Daredevil #8: A Surprising Derailment

Mark Waid's crossover with Amazing Spider-Man really shakes up our perception of his take on Matt Murdock.

Iann Robinsonby Iann Robinson

Daredevil #8

SIGH…..in every life a little rain must fall.

The ink is barely dry on my praise of Mark Waid’s Amazing Spider-Man #677 when he turns around and lands a serious misfire with Daredevil #8. The story that began so well in Spider-Man, falls apart and is oddly mean spirited in Daredevil. It’s also unnecessary, completely and totally, and based on how Amazing Spider-Man #677 began, the end of Daredevil derails not only the story but also dents the idea of Matt Murdock’s rebirth as a good guy.

When we last left Daredevil and Spider-Man, they had teamed up to try and prove the Black Cat, aka Felicia Hardy, innocent of the theft of a major piece of technological hardware. Spidey knows The Black Cat is innocent because during the robbery, he was making a fool of himself trying to hit on her as a rebound for Carlie breaking up with him. Meanwhile, the Black Cat thinks Spider-Man set her up by placing a tracer on her that led the cops to her door. Once the misunderstanding is cleared up, Daredevil, Spider-Man and Black Cat hit the streets to find out what really went down.

From this point on, the story completely falls apart. First, Waid has the man who invented the stolen device be the one behind the theft. It’s not an unheard of plot device but one I find below Waid’s abilities. Then, Waid throws a really hamfisted curveball that’s obviously there just to get Spider-Man out of the way.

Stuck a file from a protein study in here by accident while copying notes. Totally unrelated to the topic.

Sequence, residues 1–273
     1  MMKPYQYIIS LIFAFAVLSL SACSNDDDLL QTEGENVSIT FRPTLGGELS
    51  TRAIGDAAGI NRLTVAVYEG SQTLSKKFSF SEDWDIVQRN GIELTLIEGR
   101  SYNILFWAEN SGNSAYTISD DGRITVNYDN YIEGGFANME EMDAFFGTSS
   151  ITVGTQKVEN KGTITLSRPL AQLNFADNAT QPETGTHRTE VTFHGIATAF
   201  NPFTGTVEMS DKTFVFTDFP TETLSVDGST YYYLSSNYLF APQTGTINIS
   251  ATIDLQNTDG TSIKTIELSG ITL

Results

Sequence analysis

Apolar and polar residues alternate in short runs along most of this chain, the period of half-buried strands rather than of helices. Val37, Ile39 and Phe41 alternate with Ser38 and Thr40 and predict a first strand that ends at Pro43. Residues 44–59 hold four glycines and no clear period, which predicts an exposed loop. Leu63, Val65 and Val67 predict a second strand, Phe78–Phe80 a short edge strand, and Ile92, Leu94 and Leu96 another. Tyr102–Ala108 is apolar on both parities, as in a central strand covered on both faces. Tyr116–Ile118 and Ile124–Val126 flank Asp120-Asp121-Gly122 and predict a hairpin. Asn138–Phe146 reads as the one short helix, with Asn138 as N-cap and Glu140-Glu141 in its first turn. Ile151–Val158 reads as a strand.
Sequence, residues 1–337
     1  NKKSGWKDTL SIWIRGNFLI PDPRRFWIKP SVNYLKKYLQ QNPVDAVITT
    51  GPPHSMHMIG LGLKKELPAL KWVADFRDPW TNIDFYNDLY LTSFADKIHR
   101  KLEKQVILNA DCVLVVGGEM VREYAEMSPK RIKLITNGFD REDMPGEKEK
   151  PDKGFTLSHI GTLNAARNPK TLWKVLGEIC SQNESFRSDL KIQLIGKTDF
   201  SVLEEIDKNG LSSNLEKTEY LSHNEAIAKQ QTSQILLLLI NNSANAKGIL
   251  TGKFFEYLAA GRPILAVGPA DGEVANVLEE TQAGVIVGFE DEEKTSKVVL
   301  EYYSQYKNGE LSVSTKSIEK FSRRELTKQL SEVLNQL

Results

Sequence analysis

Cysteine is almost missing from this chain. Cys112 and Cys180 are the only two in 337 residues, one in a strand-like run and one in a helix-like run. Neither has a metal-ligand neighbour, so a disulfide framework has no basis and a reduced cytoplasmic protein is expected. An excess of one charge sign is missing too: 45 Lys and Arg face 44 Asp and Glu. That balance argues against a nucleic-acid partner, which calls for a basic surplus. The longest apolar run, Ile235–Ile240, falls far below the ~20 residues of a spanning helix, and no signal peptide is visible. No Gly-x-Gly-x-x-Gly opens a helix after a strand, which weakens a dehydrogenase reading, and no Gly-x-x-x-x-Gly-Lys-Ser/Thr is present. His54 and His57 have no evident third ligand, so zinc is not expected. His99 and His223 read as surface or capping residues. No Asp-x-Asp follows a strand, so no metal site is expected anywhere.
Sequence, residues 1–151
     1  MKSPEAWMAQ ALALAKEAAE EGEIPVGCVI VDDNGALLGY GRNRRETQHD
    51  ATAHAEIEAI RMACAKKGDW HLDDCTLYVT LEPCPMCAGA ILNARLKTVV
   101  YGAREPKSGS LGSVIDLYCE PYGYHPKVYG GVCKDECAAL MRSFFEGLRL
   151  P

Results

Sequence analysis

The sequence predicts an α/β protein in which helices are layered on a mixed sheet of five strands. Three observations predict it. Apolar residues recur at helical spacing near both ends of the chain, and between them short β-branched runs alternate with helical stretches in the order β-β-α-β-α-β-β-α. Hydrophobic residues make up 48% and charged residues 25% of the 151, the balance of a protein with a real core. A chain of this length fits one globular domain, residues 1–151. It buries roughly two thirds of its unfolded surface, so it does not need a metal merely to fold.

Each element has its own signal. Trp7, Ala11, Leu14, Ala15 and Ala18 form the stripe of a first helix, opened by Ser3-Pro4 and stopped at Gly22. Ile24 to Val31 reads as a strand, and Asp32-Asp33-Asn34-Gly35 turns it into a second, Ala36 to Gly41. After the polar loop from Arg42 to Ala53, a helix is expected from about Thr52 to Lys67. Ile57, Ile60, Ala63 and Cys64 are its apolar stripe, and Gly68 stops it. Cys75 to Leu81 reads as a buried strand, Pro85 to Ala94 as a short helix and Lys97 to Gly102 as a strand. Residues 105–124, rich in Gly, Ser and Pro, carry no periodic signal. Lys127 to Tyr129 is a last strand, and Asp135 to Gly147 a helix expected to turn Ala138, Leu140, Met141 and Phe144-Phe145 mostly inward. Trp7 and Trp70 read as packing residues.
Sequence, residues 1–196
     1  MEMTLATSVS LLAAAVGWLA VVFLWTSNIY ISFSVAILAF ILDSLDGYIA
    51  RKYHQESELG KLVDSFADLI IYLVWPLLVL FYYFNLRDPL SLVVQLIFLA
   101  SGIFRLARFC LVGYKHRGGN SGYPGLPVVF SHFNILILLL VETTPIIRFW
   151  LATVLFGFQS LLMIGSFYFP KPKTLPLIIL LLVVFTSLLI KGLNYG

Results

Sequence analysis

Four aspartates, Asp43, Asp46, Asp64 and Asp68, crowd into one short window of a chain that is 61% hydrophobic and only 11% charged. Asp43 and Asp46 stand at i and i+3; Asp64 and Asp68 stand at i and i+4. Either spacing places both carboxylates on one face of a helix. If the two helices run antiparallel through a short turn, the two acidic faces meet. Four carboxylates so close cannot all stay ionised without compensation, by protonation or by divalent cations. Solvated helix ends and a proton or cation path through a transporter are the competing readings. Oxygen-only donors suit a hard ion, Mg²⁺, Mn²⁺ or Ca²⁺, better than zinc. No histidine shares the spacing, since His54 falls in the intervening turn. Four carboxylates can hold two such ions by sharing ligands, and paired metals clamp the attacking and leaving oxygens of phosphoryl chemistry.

Once Daredevil and Black Cat are alone, Waid introduces the villainous spy who was behind framing the Black Cat. Why did he do that, you ask? Well, according to the spy, it was to convince Black Cat to steal the device Matt Murdock acquired a few issues ago. The device holds all the secrets of every major crime terrorist agency in the world. So this guy launched an elaborate scheme that could have easily backfired in order to convince a thief to steal? Does that sound bizarre to anybody else?

The final let down comes when Black Cat starts making out with Daredevil on the roof of a building. Black Cat doing it makes sense, she uses people, but Daredevil responding seems totally out of character for him. I also thought it in poor taste for Waid to have Spider-Man see them going at it. It adds nothing to the story other than to beat Spider-Man down again. Daredevil #8 doesn’t even read like Mark Waid’s work. I’m not sure what Waid was trying to set up with this two-part story, but he failed. I’m not giving up on the series by any means, it’s just sad to see a flawless 7-issue streak end in such a crash and burn style.

The art from Kano is solid enough. It’s reminiscent of Paolo Rivera’s work in earlier issues where the lines were thinner and the shading bolder. Kano keeps things very neat and centrally focused in his panels. When he opens that focus up, it feeds into the motion of the scene, which ramps up the action. As good as the art is, it just can’t save Daredevil #8, a thoroughly disappointing end to a story that started with great promise.

 

CRAVE ONLINE RATING: 6/10 (2, Story 4, Art)